Always Looking Forward to Cheat Days

The key to a successful postoperative bariatric life is consistency, which means ensuring that every day, you wake up thinking about how you will take one step forward in maintaining your weight loss goals. While overindulgence is a sure thing, some patients look forward to those days by telling themselves that they’ve done well during the week and can, therefore, go on to cheat on the weekends. But, looking forward to cheating goes against the basic principle of post-bariatric surgery life. Patients are not expected to eliminate everything they enjoy from their diets. They’re not going to be perfect every day of the week. Most practices encourage patients to avoid depriving themselves of everything they enjoy. Instead, patients should understand that most foods and drinks (with exceptions) are OK in small quantities – think moderation. Always looking forward to a cheat day means that the non-cheat days are somehow punishment or miserable.

Stressing Out

Stress is a diet buster, no matter how you cut it. When stressed out, we are less likely to work out, care about our goals, celebrate our victories, and follow our diets. Stress is not only a mental state but also a physical one. Stress increases the production of cortisol in the body – a hormone that makes us want to eat more. This stems from a primary human protection mechanism: fight or flight. Our ancestors who were plagued by threats would use this appropriately, and stress often saved their lives from danger. Today, however, with so few actual risks in our lives, we have replaced this occasional stress with a constant, underlying stress revolving around family, work, or social issues. Social media and the ever-connected life have only worsened the problem. We all deal with stress differently, but no matter your coping mechanism, eliminating stress will be a critical factor in your continued weight loss and weight maintenance.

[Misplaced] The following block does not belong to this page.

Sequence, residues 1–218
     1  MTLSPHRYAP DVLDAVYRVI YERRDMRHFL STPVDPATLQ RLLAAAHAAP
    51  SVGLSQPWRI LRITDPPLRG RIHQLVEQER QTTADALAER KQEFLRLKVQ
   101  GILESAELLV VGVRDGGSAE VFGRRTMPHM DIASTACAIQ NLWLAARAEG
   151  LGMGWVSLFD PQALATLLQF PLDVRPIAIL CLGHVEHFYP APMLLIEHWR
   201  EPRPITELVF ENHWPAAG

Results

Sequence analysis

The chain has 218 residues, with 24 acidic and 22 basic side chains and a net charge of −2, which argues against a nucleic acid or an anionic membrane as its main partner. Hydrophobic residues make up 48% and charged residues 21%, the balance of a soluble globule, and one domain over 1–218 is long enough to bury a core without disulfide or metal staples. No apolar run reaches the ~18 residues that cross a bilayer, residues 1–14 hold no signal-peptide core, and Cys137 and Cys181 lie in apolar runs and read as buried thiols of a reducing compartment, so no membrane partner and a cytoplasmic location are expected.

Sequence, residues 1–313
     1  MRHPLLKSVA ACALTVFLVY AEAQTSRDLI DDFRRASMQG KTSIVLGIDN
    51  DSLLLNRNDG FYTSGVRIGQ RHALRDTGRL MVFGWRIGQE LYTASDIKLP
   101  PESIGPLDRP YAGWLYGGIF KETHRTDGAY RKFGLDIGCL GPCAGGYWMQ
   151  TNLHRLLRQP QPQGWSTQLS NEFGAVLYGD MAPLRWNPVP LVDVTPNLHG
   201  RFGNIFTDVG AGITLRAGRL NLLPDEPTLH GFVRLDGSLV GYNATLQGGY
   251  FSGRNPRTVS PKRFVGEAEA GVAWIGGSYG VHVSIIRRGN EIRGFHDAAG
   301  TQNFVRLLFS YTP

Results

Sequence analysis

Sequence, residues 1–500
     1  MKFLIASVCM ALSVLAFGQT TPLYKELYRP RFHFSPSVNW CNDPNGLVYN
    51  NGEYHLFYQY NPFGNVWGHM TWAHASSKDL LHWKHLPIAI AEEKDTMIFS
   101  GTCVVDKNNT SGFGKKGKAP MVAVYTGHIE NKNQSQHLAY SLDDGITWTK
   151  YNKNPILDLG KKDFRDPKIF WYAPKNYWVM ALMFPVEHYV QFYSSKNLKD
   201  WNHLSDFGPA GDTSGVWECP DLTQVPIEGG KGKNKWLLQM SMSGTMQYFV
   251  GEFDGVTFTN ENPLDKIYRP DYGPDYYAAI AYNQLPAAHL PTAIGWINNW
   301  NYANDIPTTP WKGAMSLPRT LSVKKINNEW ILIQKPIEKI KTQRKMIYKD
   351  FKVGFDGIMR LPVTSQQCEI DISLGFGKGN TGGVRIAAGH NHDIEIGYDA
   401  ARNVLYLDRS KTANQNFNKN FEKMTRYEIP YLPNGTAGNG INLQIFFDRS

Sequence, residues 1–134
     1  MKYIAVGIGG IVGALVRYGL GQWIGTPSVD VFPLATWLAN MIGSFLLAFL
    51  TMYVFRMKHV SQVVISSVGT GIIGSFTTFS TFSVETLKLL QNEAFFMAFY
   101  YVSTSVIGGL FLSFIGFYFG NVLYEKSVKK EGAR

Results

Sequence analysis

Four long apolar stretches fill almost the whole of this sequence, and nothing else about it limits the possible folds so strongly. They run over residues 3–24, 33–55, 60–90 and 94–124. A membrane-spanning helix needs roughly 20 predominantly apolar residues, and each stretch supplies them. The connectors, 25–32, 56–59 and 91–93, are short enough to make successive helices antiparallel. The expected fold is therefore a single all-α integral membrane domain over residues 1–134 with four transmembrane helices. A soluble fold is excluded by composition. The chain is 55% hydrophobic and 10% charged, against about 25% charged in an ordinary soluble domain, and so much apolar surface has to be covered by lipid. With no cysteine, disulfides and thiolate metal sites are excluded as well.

Always in a Rush

Rushing to work, rushing to eat, rushing with friends and family. Rushing means that, especially during mealtimes, we chew too quickly, don’t spend enough time enjoying our meal, and ultimately suffer. Taking time – call it mindfulness if you will – to enjoy the foods we eat, eat them in moderation, and savor every bite is an excellent way to ensure that you don’t overdo it and give food its proper due. This is especially important for patients who enjoy what they eat and don’t just eat to live.

The Bottom Line

We are constantly reminded of how to lose or maintain that weight loss. Still, many of us have counterproductive habits that keep us from losing weight. Knowing what to do and what not to do is important and can be the difference between good and excellent results after your bariatric procedure. Remind yourself that you are human and will make mistakes, but learning from those mistakes and understanding how best to mitigate the effects of those mistakes will put you on the next level of success.